Will Evans’ series of 2017 NRL club previews appeared in the summer special of Rugby League Review magazine.
Manly underwent a massive overhaul this time last year, replacing coach Geoff Toovey with rookie mentor Trent Barrett and bringing in a host of big-name recruits. The result? The club’s worst season since 2003, registering only eight wins to finish 13th.
It was just the Sea Eagles’ third bottom-four finish since 1953, while it’s fair to say international recruits Nate Myles, Dylan Walker, Martin Taupau and Lewis Brown all fell below expectations to varying degrees.
The club has taken a hatchet to their playing squad again this off-season, with Jamie Buher, Luke Burgess, Liam Knight, Feleti Mateo, Josh Starling, Tom Symonds, Siosia Vave and Brayden Williame moving on. Inspirational captain Jamie Lyon has retired, while injury-prone veteran Steve Matai is slated to follow him.
Matt Parcell has also reportedly been signed by Leeds Rhinos, eroding the club’s dummy-half depth.
Just four players remain from Manly’s 2013 grand final squad – two of whom, Brenton Lawrence and the out-of-favour Brett Stewart, played left than half of the Sea Eagles’ games this year.
The buys this year are certainly underwhelming compared to last season’s, with Shaun Lane, Curtis Sironen, Akuila Uate and Jonathan Wright looking to revive their careers. Blake Green is a good pick-up, however, and Cameron Cullen is another quality player in the half-hooker mould.
Ex-Bulldog Lloyd Perrett will be hoping for a breakout year, while hot outside-back prospect Brian Kelly – a pick-up from the Titans – could help alleviate Manly’s problems out wide.
— FOX SPORTS News (@FOXSportsNews) December 9, 2016
On the bright side, the Sea Eagles still have the outstanding Tom and Jake Trbojevic, along with Daly Cherry-Evans, Walker, Tapau and Myles, to build a team around. But there’s no question the big expectations of a return to the finals that surrounded the Sea Eagles at the start of 2016 won’t be there when March rolls around.
BEST RECRUIT: Journeyman five-eighth Blake Green may be just the steadying influence the Sea Eagles need. An ideal foil for Cooper Cronk during the past two seasons at Melbourne, the 30-year-old should take the heat off linchpin Daly Cherry-Evans after five players were used in the No.6 jumper during 2016.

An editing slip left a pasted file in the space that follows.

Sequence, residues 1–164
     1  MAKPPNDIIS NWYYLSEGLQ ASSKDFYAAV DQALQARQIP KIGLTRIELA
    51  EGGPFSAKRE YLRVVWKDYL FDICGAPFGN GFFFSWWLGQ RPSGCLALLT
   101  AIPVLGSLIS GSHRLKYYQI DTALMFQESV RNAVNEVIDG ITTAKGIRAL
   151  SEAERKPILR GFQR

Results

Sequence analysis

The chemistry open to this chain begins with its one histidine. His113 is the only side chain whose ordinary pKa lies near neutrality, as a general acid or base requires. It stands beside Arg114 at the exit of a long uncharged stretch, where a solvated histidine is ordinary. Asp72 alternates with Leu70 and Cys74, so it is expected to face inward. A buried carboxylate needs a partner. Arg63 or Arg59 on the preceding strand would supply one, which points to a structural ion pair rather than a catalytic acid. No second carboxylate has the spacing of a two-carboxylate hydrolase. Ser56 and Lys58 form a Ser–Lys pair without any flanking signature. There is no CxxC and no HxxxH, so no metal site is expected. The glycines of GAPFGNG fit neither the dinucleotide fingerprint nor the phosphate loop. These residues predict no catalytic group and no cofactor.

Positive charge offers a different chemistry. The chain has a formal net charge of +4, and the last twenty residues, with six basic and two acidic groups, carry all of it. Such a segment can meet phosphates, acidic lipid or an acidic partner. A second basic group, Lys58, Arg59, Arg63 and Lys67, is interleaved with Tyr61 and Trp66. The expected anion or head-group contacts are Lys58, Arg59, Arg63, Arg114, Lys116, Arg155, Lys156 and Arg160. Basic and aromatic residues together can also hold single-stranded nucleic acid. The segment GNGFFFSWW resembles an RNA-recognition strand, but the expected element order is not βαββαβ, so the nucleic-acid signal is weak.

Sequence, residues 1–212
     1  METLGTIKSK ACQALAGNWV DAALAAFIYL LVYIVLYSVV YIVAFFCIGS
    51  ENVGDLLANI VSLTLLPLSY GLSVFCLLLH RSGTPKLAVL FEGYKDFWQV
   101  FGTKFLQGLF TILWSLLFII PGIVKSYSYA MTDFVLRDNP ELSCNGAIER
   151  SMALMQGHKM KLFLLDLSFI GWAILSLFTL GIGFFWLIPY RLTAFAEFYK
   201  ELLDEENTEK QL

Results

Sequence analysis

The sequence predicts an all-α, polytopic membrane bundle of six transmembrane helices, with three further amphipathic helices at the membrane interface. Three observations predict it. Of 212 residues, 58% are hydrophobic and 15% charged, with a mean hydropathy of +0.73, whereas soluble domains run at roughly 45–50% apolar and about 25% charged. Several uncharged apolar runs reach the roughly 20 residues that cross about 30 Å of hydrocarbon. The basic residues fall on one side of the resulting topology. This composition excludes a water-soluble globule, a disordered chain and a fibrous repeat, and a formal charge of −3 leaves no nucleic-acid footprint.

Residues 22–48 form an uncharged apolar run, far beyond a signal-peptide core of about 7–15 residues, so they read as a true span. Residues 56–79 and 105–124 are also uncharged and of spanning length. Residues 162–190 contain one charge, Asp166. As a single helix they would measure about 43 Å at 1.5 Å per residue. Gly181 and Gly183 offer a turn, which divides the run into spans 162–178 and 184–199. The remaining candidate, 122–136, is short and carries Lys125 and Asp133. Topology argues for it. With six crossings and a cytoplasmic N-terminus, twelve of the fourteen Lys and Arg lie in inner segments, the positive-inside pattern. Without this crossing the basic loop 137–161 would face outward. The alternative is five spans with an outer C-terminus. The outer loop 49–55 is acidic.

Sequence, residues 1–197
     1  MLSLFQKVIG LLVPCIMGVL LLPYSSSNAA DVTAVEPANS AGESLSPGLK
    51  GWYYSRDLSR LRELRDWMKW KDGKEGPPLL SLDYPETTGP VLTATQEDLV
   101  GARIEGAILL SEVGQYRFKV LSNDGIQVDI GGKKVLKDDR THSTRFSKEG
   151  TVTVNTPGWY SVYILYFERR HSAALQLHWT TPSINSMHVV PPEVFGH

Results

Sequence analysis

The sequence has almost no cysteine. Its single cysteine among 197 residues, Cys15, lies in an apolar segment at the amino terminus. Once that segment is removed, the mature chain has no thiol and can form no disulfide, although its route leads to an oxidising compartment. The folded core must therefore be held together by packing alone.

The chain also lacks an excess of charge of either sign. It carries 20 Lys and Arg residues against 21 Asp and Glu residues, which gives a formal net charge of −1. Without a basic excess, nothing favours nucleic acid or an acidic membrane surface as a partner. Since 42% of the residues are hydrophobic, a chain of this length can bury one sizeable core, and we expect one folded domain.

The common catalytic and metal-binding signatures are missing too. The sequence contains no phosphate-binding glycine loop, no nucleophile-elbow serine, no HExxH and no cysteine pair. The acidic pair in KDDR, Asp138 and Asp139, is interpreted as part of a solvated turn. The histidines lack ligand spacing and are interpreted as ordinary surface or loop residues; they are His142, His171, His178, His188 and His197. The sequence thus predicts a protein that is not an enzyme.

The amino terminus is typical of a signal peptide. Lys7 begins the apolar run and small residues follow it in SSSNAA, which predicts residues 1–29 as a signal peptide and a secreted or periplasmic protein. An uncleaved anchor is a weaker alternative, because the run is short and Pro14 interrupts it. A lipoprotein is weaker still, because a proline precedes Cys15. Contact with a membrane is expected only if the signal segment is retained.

STRENGTH: Two future superstars in the Trbojevic brothers, a blue-chip halfback, and explosive rep stars such as Walker and Taupau provide the Sea Eagles with the basis of a line-up that can compete with any team on their day.
WEAKNESS: After a dismal campaign, Manly has lost another clutch of experienced stars and are lacking depth. The club has gambled on some questionable recruits, which may be disastrous given the high-profile posse that arrived last summer largely failed to deliver.
KEY MAN: It’s a big ask of a 20-year-old with just one full season of NRL football under his belt, but Tom Trbojevic looks set to develop into Manly’s marquee man at fullback. The club’s 2016 Player of the Year is undeniably one of the most exciting talents in the NRL and will be crucial to the Sea Eagles turning their fortunes around.
— telegraph_sport (@telegraph_sport) October 20, 2016
PLAYER TO WATCH: Despite making his NSW Origin debut, it was a disappointing year on and off the field for Dylan Walker, but his dynamic talents are irrefutable. Still only 22, Walker will be allowed to settle back in the centres (where Manly is desperately short) after an underwhelming stint at five-eighth.
YOUNG GUN: Arguably Manly’s biggest off-season coup was the acquisition of highly sought-after young three-quarter Brian Kelly. With Lyon gone and Steve Matai’s career in the balance, there’s a big opening at centre – and this guy has the chops to fill it.
— Manly Sea Eagles (@SeaEagles) November 30, 2016
UNDER PRESSURE: After his infamous back-flip on the Titans midway through 2015, Daly Cherry-Evans struggled to live up to his ‘$10 million-man’ tag. He battled to adjust without halves partner Kieran Foran and was unwanted by rep selectors – but the Sea Eagles’ fate largely rests of DCE rediscovering his best.
NEEDS TO IMPROVE: Nate Myles was lauded as potentially one of the buys of the year, but he made minimal impact in just 16 appearances after arriving from the Gold Coast, got dropped from the Test team and was fortunate to be retained by Queensland.
THE COACH: It was a torrid first year on the NRL coaching rollercoaster for Trent Barrett, who appeared frustrated and out of his depth for the bulk of the season. Another bottom-four finish is unlikely to be tolerated.
— Sporting News AU (@sportingnewsau) December 16, 2016
THE DRAW: The Sea Eagles’ draw is ranked as the 10th toughest based on this year’s standings, playing four of the 2016 finalists twice but only squaring off against the heavyweight Cowboys, Broncos and Sharks once each. Their schedule is travel-heavy, however, making three trips to Queensland, one to Auckland, one to Perth and playing away in Canberra and Melbourne.
LAST FIVE COACHES:
Trent Barrett (2016-current)
Geoff Toovey (2012-15)
Des Hasler (2004-11)
Peter Sharp (1999, 2003)
Bob Fulton (1993-99)
BEST LINE-UP IN 2017
1 Tom Trbojevic
2 Jorge Taufua
3 Dylan Walker
4 Matthew Wright
5 Akuila Uate
6 Blake Green
7 Daly Cherry-Evans
8 Nate Myles
9 Apisai Koroisau
10 Darcy Lussick
11 Martin Taupau
12 Shaun Lane
13 Jake Trbojevic
14 Lewis Brown
15 Addin Fonua-Blake
16 Brenton Lawrence
17 Lloyd Perrett
— Manly Sea Eagles (@SeaEagles) December 19, 2016